Any compromise struck today to avert the "fiscal cliff" isn't going to completely please anyone. Evidence of potential political fault lines began surfacing early Monday as senators began responding to reports from overnight on the negotiations.

Sen. Tom Harkin (AP)

Speaking first after the Senate opened for a rare Dec. 31 session, Sen. Tom Harkin (D-Iowa) reacted angrily to reports in Monday's Washington Post that Vice President Biden was on the verge of striking a deal with Senate Minority Leader Mitch McConnell (R-Ky.) that would raise tax rates only on earnings of over $450,000 a year and permit a vote on the politically sensitive issue of the estate tax that would allow taxes on inherited estates to remain at their current low levels.

"This is one Democrat that doesn't agree with that at all," Harkin said. "What it looks like is it looks like all of the tax things are going to be made permanent, but all of the other things that the middle class in American depend on is extended for one year, maybe two years."

"If we're going to have some kind of a deal, the deal must be one that really does favor the middle class, the real middle class, those that are making $50,000, $60,000, $70,000 a year," Harkin said later. "That's the real middle class in America. As I see this thing developing, quite frankly, as I've said before -- no deal is better than a bad deal. And this looks like a very bad deal the way this is shaping up."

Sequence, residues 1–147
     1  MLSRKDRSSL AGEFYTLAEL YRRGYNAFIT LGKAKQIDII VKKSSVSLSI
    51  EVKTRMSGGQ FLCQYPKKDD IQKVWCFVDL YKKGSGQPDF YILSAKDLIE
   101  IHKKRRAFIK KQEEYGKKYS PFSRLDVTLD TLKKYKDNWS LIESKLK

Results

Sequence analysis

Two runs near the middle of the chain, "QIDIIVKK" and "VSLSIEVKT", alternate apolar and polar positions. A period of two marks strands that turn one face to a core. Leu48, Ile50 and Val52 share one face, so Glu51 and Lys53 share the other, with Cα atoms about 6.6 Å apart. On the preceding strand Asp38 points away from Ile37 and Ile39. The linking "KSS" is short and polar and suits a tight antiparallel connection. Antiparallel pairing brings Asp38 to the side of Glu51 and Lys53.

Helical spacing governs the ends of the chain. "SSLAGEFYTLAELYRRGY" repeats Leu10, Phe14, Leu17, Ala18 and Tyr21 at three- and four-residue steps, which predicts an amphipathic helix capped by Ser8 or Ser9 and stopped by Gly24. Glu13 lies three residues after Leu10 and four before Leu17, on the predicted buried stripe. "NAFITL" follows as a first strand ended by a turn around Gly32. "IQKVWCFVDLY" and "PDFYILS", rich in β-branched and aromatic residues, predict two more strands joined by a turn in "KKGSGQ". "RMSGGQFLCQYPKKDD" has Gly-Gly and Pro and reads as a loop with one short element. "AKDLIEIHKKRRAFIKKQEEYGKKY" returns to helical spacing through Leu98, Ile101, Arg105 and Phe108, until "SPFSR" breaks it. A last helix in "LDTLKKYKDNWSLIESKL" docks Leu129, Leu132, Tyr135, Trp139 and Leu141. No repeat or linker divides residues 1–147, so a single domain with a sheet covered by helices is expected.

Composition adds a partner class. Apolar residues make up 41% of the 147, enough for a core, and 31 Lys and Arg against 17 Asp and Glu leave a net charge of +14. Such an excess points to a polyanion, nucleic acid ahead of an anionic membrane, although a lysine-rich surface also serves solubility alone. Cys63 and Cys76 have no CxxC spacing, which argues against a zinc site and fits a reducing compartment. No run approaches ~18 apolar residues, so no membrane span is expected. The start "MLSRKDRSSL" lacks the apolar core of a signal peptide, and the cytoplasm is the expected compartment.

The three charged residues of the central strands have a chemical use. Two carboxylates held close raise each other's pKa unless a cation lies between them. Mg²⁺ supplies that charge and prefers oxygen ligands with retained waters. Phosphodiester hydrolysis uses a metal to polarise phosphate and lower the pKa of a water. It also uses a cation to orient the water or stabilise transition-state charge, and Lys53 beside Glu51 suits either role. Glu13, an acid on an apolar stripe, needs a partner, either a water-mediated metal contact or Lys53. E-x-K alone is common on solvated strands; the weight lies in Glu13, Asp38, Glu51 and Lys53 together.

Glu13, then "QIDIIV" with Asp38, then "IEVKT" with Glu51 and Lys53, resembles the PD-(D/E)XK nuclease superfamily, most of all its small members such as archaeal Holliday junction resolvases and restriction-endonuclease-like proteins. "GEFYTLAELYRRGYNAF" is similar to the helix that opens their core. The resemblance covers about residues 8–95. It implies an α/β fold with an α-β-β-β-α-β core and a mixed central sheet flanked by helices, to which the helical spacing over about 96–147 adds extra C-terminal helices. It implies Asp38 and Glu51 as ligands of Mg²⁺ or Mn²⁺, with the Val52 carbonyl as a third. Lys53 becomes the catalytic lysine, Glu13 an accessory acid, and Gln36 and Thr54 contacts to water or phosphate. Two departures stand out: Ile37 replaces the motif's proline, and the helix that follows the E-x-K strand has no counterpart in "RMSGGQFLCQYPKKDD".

When Harkin concluded, Sen. Barbara Boxer (D-Calif.) attempted to strike a more positive tone.

"I have listened carefully to my friend, Senator Harkin's remarks, which I would have to describe as fairly negative," she said.

"We all know that no side, if there is a deal, is going to get 100 percent of what they want," Boxer said later. "We know that because one party doesn't control everything."

In the absence of a deal reached today, Boxer said she would stand by her vote to approve a series of automatic federal spending cuts set to take affect Wednesday -- no matter the political consequences.

"I think we have to step up to the plate and admit that that's the policy we voted for," she said. "I'd much prefer to ease it, and I think there are ways to do that."

She suggested that money being spent on military operations in Iraq and Afghanistan could be put towards other government programs -- a familiar recommendation from liberal Democrats, but one that many Republicans call a budget gimmick.

Sen. Patrick Leahy (D-Vt.) made a similar suggestion after Boxer spoke, noting -- as many lawmakers regularly do -- that much of the nation's fiscal woes can be traced to spending on the wars in Iraq and Afghanistan.

"As one Vermonter said to me, you spend all this money to build these roads and bridges in Iraq and Afghanistan, and then they blow them up," Leahy said. "Why don't you rebuild our roads and bridges in America. We Americans will take care of them. So... with all the talk of where we are, let's not forget the big elephant in the room. That was two wars on a credit card, one going far longer than we had any reason to. The other one totally unnecessary in the first place."

"That was money that could have been spent in American for Americans to make America better," Leahy added later. "We wasted it there. Now we say how can we punish Americans, the average American? How can we punish them for the mistakes we made going into two wars. We'll punish them to pay for them. Come one, let's face up to reality."

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